J’aime ces instants fugaces à ras les flots
Où à l’ombre de la nuit la mer
S’essaie à la couleur du jour
Quand au matin du crépuscule la nuit
Se fait douceur du jour

Flora Aurima-Devatine, Te maruao

Tahiti, Bora Bora, Raiatea, Taha’a evoke all these ideas and images of paradise, colorful waters, filled with colorful fish. It’s also one of the best places in the world to go sailing. Following the footsteps of famous sailors like Bernard Moitessier, with a group of amazing friends, we embark on a 10 day sailing adventure in the Leeward Islands of the Society Archipelago of French Polynesia. In this little journal, you will find first a little video recap of the whole extended week, and then a collection of photos and video snippets of the trip.

Day One - Arrival in Tahiti, and making our way to Raiatea via Huahine

After landing in Tahiti, we find out that there is a general strike which is affecting flights to the island where we need to go to get to our sailboat. After some scrambling, we fly to another island and find a fishing boat to do a 2 hour crossing. The adventure has already started!

We make it to our boat on the first day! Our home for the week is a big catamaran of 45-feet (13.7 meters) with 6 cabins and room for 10.

We do a check-in process at the base, and then we all get on the boat.

We sail to reach an anchorage just outside of the main town and settle down. Some of us go kitesurfing, some go snorkeling. The views are just amazing. This is our first night on the water!

Day Two - From Raiatea to Bora Bora

We set sail for Bora Bora on a very nice sunny and windy day. It’s about a 5 hour sail and we have to go in the Pacific Ocean, and then all around the island of Bora Bora. During our approach of Bora Bora, we see this crazy 81-meter super yacht, a giant aluminum sailboat with three masts called Sea Eagle 2.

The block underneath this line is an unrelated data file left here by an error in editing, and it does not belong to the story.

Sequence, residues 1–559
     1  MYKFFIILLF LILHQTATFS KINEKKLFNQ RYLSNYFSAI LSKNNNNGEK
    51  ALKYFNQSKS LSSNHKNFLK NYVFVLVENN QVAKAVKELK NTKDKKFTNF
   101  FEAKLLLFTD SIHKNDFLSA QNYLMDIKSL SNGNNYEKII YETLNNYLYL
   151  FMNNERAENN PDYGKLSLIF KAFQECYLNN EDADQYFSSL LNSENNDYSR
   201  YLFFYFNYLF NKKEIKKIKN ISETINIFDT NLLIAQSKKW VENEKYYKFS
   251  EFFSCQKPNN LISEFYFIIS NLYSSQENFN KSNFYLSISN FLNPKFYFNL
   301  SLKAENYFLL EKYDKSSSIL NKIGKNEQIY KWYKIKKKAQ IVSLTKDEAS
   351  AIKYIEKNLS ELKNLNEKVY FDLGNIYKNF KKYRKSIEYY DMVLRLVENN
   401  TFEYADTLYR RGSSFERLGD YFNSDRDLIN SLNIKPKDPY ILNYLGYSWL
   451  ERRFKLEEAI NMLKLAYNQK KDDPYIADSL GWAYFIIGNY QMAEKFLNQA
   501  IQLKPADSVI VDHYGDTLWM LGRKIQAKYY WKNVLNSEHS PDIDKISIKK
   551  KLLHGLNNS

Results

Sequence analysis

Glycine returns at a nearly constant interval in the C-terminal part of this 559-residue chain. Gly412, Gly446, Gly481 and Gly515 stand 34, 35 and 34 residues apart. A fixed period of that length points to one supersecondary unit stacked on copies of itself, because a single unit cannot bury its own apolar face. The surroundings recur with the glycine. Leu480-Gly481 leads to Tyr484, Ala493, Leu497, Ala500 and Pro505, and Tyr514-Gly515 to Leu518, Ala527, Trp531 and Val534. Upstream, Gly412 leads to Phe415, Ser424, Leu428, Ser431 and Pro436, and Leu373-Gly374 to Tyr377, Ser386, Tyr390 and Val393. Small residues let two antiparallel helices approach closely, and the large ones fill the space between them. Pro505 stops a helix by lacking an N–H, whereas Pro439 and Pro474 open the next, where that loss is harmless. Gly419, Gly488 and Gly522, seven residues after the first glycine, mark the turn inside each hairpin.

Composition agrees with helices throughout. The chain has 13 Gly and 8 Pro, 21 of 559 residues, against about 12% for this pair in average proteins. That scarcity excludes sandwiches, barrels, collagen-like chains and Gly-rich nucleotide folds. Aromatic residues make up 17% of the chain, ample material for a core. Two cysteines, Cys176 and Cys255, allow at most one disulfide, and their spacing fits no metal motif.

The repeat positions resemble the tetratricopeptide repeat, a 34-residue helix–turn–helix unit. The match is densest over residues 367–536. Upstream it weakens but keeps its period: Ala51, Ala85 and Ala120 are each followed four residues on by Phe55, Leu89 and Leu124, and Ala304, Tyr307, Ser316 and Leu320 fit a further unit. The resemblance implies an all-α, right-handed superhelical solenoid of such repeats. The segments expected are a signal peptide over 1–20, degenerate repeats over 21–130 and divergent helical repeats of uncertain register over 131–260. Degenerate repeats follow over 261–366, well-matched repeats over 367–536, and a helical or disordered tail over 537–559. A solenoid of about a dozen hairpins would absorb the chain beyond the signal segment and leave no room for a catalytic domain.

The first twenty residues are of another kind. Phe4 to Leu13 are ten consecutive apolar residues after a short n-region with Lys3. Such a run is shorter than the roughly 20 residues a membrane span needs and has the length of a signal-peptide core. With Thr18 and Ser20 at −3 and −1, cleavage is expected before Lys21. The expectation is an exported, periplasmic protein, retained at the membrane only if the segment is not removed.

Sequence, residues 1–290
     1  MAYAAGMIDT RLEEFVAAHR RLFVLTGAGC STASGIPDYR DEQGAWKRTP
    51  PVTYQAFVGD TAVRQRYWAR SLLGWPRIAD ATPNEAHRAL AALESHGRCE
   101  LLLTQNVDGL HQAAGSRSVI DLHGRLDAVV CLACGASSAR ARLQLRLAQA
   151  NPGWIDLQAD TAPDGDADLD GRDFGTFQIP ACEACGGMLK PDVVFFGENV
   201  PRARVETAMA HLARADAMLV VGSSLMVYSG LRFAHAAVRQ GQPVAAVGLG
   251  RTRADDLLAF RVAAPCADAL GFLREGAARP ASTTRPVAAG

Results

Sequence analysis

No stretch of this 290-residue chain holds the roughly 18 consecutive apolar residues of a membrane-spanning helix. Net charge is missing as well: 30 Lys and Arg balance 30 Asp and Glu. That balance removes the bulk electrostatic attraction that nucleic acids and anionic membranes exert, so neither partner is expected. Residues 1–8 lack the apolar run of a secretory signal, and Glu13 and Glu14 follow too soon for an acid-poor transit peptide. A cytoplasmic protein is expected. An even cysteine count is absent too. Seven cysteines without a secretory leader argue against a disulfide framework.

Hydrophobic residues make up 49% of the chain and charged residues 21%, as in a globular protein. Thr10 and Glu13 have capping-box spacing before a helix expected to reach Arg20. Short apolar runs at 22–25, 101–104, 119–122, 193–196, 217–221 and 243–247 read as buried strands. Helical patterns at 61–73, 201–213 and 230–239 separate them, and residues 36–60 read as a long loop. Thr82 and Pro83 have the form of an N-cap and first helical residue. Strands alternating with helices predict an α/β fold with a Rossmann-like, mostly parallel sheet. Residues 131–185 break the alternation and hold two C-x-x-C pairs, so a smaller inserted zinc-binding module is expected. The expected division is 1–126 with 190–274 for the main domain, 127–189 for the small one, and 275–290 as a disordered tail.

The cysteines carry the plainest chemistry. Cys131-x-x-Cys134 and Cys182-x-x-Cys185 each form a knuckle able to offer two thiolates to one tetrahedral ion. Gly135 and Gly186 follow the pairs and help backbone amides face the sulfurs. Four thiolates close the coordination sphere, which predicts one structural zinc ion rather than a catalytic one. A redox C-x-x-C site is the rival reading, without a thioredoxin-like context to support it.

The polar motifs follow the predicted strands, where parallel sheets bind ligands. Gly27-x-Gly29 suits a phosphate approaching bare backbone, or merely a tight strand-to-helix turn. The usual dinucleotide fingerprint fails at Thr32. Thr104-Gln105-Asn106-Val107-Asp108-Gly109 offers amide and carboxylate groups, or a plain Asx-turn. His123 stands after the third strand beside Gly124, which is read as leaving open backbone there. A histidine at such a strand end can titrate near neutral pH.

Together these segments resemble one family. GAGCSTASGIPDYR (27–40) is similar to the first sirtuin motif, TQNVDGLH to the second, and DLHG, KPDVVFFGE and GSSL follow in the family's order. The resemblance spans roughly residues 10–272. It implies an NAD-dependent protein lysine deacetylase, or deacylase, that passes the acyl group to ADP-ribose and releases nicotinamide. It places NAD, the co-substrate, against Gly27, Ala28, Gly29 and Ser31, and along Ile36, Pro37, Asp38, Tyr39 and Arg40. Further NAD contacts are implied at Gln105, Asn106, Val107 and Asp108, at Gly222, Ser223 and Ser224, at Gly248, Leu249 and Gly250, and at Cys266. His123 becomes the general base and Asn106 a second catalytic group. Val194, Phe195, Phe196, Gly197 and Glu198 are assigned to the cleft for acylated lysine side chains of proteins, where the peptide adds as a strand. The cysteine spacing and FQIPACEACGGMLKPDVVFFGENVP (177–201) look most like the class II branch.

As we approach Bora Bora, the turquoise and emerald colors of the lagoon start to pop in our eyes. The island itself, with its jagged terrain is just this incredible jewel of the Pacific. We just can’t get enough of the crazy colors surrounding us. It’s just unbelievable.

After reaching our anchorage, all of us go swim/windsurf/kitesurf/paddle and enjoy the amazing evening.

Day Three - Bora Bora

On this third day, the weather is just gorgeous. The turquoise colors of the water are incredible.

After a little morning session of water sports, the group splits into two. One group goes ashore to enjoy the island and to meet some friends who by coincidence are visiting at the same time, the other goes snorkeling (you can’t get enough!) and then sail around the island.

Just before sunset, we go on a hike on the mountain ridge, and it is quite impressive from above. I actually get some vertigo at some point as all the rocks are super vertical.

Finally, the whole group gets together for a very nice dinner at a restaurant called the Bloody Mary’s.

Day Four - Bora Bora